At a Friday visit to the Golden, Colorado, campus of the National Renewable Energy Laboratory, Interior Secretary Ken Salazar characterized the bankruptcies and delays that have plagued the solar manufacturing sector as “just minor (and expected) blips for the industry.”

Salazar told Denver’s alt-weekly Westword, “Any time you’re dealing with an emerging future on energy, you’re always going to have successes and you’re going to have setbacks,” he says. “And President Obama and I remain very confident that we’re moving in the right direction.”

Salazar likened the difficulties of the solar industry to the early days of automobile manufacturing, complete with “forward steps and setbacks.”

Salazar’s visit to the lab celebrated the department’s recent approval of the 31st renewable energy project, a 350-megawatt solar plant in Nevada:

Secretary of the Interior Ken Salazar today visited the National Renewable Energy Laboratory (NREL) campus in Golden, Colorado where he toured the 327-acre campus’ state-of-the-art facilities and met with scientists regarding ongoing research on the development, commercialization and deployment of renewable energy.

“Across the Administration, we’re looking at ways to create jobs and strengthen the economy – and a big part of that is building a sustainable, clean energy future,” Salazar said. “The innovative research that they’re doing here at NREL is playing a critical role in developing new technologies that can compete in the marketplace. When we talk about President Obama’s ‘all-of-the-above’ energy strategy, it starts in places like these laboratories.”

Salazar’s visit comes on the heels of Interior’s approval of the 31st utility-scale renewable energy project since 2009 as part of a Department-wide effort to advance smart development of renewable energy on our nation’s public lands. The 17 solar projects, 6 wind farms and 8 geothermal facilities, when built by the companies, will provide approximately 7,200 megawatts of power to communities across the West, or enough to power nearly 2.5 million homes.

These achievements build on the historic expansion of renewable energy under President Obama, with energy from sources like wind and solar doubling since the President took office.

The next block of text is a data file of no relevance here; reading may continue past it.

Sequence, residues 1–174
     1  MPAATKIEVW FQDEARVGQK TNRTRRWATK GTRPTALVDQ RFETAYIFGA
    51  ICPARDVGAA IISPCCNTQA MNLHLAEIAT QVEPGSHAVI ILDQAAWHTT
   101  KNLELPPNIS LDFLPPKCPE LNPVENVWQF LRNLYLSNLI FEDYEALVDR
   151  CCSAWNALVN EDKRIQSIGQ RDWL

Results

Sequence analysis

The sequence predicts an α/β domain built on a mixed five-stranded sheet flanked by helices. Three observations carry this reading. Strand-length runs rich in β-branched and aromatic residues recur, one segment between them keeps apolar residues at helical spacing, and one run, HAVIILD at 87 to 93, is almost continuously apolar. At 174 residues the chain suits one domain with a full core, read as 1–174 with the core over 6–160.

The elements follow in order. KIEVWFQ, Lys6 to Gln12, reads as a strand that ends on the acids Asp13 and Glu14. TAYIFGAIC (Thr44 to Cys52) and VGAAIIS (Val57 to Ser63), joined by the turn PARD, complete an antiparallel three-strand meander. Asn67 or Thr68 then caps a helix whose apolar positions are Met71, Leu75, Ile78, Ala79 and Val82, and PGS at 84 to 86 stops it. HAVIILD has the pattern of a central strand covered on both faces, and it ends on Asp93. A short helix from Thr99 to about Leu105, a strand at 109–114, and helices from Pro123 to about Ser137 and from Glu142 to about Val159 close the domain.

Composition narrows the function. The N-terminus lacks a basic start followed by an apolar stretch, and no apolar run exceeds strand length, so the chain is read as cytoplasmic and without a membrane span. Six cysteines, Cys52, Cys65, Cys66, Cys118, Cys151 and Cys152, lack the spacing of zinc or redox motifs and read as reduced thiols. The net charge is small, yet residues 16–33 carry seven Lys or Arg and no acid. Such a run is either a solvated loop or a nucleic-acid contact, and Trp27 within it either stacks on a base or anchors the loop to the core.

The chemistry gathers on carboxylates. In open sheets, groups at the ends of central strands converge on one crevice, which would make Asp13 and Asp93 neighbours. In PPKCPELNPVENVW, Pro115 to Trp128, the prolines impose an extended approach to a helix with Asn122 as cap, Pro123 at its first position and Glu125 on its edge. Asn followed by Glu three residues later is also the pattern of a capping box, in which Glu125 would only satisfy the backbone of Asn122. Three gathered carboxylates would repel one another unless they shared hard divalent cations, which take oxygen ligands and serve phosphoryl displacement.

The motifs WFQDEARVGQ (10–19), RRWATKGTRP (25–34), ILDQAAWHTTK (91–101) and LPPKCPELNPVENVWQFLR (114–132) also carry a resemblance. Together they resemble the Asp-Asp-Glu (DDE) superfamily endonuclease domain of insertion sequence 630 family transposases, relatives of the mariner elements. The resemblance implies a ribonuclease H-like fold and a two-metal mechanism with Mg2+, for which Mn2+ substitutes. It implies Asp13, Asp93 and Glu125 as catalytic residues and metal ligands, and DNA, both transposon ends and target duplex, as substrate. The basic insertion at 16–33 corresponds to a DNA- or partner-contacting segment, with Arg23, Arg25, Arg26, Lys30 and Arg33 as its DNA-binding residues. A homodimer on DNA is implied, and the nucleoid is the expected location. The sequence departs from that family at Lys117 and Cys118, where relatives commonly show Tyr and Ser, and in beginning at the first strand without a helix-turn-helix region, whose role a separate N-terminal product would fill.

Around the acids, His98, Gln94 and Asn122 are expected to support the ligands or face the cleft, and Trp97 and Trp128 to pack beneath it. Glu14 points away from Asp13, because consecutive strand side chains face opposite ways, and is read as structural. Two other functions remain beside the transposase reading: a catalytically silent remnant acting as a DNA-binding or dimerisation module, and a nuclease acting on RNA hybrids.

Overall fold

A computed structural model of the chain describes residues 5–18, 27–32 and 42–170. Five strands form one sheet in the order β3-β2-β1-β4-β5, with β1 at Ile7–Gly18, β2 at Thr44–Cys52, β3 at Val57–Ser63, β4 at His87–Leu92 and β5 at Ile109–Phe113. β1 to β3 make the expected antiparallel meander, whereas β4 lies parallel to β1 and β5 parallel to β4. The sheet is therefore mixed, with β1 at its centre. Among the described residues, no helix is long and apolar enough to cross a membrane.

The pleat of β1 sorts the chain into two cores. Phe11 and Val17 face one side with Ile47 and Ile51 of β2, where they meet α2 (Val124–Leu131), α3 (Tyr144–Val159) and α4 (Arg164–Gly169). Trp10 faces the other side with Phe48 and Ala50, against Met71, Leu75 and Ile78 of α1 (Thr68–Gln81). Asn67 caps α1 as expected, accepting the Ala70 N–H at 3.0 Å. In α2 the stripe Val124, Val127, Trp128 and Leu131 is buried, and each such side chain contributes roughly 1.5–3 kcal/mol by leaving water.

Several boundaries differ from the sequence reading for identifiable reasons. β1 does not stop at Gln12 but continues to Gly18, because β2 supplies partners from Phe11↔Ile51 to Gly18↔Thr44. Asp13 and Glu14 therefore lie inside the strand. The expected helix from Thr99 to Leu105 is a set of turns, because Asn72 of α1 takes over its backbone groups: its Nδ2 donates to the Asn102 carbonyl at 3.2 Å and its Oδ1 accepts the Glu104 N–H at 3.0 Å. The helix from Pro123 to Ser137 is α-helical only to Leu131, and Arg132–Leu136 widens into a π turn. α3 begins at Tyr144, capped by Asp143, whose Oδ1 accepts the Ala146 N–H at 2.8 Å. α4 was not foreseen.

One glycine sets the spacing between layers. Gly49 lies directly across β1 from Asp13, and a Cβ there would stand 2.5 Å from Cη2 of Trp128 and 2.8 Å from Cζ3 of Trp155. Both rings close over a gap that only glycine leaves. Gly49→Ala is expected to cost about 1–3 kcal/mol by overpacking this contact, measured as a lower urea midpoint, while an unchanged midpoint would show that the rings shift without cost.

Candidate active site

Salazar’s touting of job creation is at odds with the Department of Energy’s David Frantz, who oversees the DOE loan guarantee program. Last week before a congressional committee reviewing the No More Solyndras Act, Frantz told House members that these large, utility-scale renewable projects really could not be counted upon for creating jobs.

“The predominance of our portfolio — and the objective, really, of the act — is to be creating large infrastructure, utility-scale projects; and, by definition, they are not a multiplier for job creation,” Frantz said.

Taxpayer-funded programs, grants, and loan guarantees do not create jobs, noted Heritage’s Nick Loris. He said they simply shift them from one sector of the economy to another. The opportunity cost of government spending is the lost labor and capital extracted from other sectors (ones that do not need government support) of the economy to artificially support the politically preferred ones. Subsidizing inefficient technologies is an economic drain, not an economic stimulator–or a job multiplier.

Yet Salazar remains insistent about the necessity of the program, to “continue the momentum” despite “stumbling blocks along the way.”

“But I’m confident that in the arc of the history of the world, that we’re headed in the right direction,” said Salazar.